Date of Submission

Spring 2023

Academic Program

Film and Electronic Arts

Project Advisor 1

Sayeeda Moreno

Abstract/Artist's Statement

Through Tender Opalescence is an documentary intimately dealing with the possibilities that unfold when one is able to hold space and fall within themselves. Broken up into sections of abstract videos of water paired with poetry, and analysis of the appropriated and re-worked horror films in popular American cinema, this piece attempts to reinterpret popular media and to highlight what that may say about how we as people have come to understand our own gender. This work finds itself being told by an unnamed narrator who has made it a ritual to go by the river to relieve themselves of the pressure and stresses of the external world. Reading the poems of their elders, they explore the ideas and the importance of sacred space, the power of sight, and community.

In order to engage with the complexities and nuances of gender within the American context, this piece works to analyze the way it is expressed through film in popular media. It is important to note that the identities of the filmmakers are indicative of the cinematic worlds that they create. Their characters, structure, and camera act not only as a lens into their subjective understanding but offer a way to understand the social fabric it was birthed from. As a way of reclaiming these narratives, this project hopes to re-examine and edit the appropriated films in order to subvert the underlying arguments posed to create new and meaningful narratives. The movies used are as follows: Physco (1960), A Reflection of Fear(1973), Dressed to Kill(1980), and the Silence of the Lamb(1991).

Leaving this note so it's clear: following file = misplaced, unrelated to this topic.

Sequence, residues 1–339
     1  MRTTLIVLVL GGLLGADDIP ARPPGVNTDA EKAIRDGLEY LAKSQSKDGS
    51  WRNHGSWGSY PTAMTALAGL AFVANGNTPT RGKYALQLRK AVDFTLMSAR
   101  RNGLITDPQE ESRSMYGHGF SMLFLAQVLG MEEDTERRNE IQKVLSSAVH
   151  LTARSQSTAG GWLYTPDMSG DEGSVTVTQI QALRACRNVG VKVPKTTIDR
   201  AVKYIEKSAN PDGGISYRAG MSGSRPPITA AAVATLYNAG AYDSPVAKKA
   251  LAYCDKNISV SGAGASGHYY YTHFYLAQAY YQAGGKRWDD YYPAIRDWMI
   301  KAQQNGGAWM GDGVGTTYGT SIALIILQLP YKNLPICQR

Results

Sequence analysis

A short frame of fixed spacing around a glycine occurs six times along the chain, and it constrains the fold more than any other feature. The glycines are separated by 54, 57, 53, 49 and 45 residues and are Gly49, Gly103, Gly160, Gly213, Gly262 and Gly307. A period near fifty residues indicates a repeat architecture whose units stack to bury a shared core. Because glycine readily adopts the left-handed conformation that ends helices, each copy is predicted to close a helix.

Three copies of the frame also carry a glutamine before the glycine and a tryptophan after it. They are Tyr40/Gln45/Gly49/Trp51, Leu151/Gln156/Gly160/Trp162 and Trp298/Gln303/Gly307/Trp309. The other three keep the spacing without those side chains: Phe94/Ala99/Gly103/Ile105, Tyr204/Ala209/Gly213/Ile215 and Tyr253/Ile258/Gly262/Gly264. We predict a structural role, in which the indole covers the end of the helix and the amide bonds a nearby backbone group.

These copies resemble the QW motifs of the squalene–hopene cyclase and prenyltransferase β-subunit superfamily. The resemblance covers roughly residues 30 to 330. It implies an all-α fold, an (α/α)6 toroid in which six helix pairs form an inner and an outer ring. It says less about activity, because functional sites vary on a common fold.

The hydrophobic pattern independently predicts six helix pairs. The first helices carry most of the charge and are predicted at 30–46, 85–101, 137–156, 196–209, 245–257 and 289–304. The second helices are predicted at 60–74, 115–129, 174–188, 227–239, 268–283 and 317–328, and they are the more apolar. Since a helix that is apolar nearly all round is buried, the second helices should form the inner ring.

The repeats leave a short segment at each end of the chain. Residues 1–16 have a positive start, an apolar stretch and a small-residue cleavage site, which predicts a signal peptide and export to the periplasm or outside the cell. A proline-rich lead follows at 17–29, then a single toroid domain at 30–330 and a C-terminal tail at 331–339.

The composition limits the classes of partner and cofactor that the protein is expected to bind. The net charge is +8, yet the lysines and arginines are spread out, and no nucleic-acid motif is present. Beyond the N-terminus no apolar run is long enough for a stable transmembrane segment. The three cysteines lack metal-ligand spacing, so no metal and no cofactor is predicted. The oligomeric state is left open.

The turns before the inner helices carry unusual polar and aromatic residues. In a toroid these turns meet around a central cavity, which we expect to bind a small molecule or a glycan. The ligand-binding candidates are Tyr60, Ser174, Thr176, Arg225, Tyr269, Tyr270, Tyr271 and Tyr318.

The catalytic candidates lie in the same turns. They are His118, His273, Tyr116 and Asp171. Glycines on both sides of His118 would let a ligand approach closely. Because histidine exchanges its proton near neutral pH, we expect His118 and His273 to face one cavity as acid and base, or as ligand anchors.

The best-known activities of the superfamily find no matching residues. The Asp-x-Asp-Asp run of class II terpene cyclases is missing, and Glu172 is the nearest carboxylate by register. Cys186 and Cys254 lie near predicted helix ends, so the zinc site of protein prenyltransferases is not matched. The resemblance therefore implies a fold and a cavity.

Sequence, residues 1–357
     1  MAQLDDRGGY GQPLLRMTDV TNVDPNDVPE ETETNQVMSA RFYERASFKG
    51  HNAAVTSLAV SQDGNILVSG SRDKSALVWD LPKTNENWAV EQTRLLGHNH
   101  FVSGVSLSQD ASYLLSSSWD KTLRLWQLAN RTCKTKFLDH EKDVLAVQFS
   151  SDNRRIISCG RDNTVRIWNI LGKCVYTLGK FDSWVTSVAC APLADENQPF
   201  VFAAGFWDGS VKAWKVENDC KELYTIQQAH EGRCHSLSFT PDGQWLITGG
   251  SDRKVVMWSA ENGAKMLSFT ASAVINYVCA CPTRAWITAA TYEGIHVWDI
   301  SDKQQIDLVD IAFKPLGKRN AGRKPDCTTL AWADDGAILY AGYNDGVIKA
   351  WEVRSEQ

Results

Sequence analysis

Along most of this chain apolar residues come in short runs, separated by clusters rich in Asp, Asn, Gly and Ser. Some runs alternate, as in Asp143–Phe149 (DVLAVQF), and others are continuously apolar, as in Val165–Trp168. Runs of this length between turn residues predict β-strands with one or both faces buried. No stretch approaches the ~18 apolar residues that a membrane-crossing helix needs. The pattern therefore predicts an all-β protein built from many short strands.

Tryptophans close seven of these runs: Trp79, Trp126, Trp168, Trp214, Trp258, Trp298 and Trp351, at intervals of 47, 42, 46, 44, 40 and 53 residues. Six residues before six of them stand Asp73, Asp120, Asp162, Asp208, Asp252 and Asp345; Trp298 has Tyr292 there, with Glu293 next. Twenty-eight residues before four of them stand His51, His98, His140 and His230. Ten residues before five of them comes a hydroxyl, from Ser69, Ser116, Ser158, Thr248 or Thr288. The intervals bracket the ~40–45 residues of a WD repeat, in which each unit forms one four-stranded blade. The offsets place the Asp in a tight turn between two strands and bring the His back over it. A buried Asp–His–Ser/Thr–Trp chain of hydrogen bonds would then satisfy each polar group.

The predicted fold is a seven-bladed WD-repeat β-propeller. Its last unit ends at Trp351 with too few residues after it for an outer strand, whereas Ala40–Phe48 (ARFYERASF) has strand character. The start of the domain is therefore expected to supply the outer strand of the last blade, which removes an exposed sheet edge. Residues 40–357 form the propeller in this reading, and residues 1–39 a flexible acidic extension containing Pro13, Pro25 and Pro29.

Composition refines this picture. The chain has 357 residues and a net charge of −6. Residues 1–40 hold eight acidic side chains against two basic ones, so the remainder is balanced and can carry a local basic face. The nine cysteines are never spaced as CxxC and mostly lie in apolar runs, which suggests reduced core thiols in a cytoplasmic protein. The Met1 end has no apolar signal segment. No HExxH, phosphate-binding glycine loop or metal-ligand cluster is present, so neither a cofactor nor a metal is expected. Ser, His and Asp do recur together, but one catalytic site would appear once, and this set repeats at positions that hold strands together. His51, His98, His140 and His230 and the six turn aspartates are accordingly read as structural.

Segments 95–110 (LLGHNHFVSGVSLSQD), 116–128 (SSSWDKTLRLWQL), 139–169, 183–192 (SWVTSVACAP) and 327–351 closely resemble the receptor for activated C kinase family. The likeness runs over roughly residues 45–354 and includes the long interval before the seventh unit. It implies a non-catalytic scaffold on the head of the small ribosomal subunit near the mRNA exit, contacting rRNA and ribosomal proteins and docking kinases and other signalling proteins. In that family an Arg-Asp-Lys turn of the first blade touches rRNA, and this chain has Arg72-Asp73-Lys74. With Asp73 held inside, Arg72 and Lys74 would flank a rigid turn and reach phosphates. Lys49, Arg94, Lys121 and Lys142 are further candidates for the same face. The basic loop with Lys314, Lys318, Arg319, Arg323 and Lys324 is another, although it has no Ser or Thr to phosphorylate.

I wanted to especially thank my advisor Sayeeda Moreno for supporting me through this project this year as well as my Professor Margaux Kristjansson who provided me with most of the literature used to research this project. Without their support, boundless knowledge, and endless kindness this work would not be at the place it is now.

The works that had great influence over this work are Frank B. Wilderson’s III Red White Black Cinema and the Structure of U.S. Antagonisms, C. Riley Snorton’s Black on Both Sides A Racial History of Trans History, and Akwugo Emejulu’s Fugitive Feminism.

Open Access Agreement

Open Access

Creative Commons License

Creative Commons License
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